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|Year : 2015 | Volume
| Issue : 1 | Page : 7-8
Treatment of odontoid fractures
Department of Neurosurgery, King Edward Memorial Hospital, Seth Gordhandas Sunderdas Medical College, Parel, Mumbai, Maharashtra, India
|Date of Web Publication||4-Mar-2015|
Department of Neurosurgery, King Edward Memorial Hospital, Seth Gordhandas Sunderdas Medical College, Parel, Mumbai, Maharashtra
Source of Support: None, Conflict of Interest: None
|How to cite this article:|
Goel A. Treatment of odontoid fractures. Neurol India 2015;63:7-8
The odontoid process mimics a hand rickshaw puller. Such rickshaws are now seen mainly in Kolkata [Figure 1]. The weight of the entire rickshaw is on the two wheels, and the rickshaw puller primarily has to guide and direct the vehicle without bearing any weight on himself. He can run with the rickshaw for kilometers without feeling any weight on his shoulders. The rickshaw puller may be an old man or may even be injured, but can still carry on his work. This is essentially because the entire weight of the rickshaw is on the two wheels that are also the primary site of movement. Moreover, the rickshaw will lose its direction, movement, and even its stability if there is no rickshaw puller or if the rickshaw puller is unable to stand on his feet. On similar lines, the facets are the only true joints in the entire spine. The odontoid process and the intervertebral discs have similar roles of assisting or guiding and providing a purpose to the movements that are initiated and completed in the facets. The concept in the treatment of odontoid fracture is based on the premise that if the odontoid process is injured such that the spinal alignments have altered and dynamic images show evidence of instability, the surgery has to aim at providing stability to the region by fixation of the facets. If the fractured segments of the odontoid process are in alignment, a conservative nonsurgical treatment or an odontoid screw fixation may be an option.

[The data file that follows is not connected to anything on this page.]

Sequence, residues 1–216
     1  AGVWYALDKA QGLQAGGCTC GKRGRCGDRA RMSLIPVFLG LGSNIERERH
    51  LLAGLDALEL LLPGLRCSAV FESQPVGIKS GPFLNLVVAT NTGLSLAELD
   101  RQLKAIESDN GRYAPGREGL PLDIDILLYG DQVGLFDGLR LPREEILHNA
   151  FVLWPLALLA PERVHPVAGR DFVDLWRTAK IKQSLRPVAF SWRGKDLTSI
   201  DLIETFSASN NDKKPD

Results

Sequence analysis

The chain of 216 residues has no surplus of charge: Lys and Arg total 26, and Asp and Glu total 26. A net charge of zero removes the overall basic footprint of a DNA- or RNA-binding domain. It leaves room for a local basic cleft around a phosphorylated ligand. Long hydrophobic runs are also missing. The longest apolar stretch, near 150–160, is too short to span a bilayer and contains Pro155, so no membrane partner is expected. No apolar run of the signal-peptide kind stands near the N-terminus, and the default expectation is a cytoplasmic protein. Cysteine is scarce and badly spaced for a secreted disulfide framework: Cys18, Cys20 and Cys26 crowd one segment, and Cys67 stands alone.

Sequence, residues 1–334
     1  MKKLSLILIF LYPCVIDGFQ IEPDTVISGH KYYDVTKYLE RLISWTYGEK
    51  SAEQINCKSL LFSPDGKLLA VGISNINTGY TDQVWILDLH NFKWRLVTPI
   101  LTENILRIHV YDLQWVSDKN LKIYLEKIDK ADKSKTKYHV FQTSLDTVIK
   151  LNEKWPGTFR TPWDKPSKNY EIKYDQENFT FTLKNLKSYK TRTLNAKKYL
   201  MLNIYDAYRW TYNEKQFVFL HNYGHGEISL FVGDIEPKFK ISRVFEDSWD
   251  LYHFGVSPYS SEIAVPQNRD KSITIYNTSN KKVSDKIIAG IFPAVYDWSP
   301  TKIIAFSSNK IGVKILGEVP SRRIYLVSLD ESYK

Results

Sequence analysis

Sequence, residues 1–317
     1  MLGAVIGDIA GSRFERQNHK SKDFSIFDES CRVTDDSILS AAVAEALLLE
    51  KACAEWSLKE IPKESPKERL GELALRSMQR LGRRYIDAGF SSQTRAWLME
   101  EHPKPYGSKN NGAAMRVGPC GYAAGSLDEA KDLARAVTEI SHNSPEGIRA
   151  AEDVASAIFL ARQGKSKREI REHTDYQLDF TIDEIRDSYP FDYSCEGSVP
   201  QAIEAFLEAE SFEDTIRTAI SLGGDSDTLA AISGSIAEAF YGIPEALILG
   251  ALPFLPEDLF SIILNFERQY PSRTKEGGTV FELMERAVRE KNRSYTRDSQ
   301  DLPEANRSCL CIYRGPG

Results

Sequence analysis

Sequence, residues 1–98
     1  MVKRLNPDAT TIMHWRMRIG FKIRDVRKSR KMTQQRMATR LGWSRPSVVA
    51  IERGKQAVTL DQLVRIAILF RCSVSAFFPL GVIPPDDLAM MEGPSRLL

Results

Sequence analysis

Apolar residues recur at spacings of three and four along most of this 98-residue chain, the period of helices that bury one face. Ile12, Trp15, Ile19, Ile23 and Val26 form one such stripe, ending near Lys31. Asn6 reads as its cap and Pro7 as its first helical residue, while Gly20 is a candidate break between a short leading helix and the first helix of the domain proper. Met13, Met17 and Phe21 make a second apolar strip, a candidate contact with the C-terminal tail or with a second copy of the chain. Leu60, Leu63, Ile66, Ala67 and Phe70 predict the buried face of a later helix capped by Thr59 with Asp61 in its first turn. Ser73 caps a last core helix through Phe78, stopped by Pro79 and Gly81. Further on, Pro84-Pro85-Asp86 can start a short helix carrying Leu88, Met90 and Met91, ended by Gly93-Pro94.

The treatment of the odontoid fracture will essentially depend on the site of fracture and the degree of altered movements that occur. The fracture of the odontoid process may be associated with a fracture of other parts of the vertebra. The fracture may result in an altered stability on dynamic images, or the instability may be obvious even on static images. The facets may be in alignment or might not be in alignment. There may or may not be an evidence of cord compression on imaging. The patient may be neurologically intact or affected. Pain as a symptom is common in such cases and signifies the presence of instability of the region.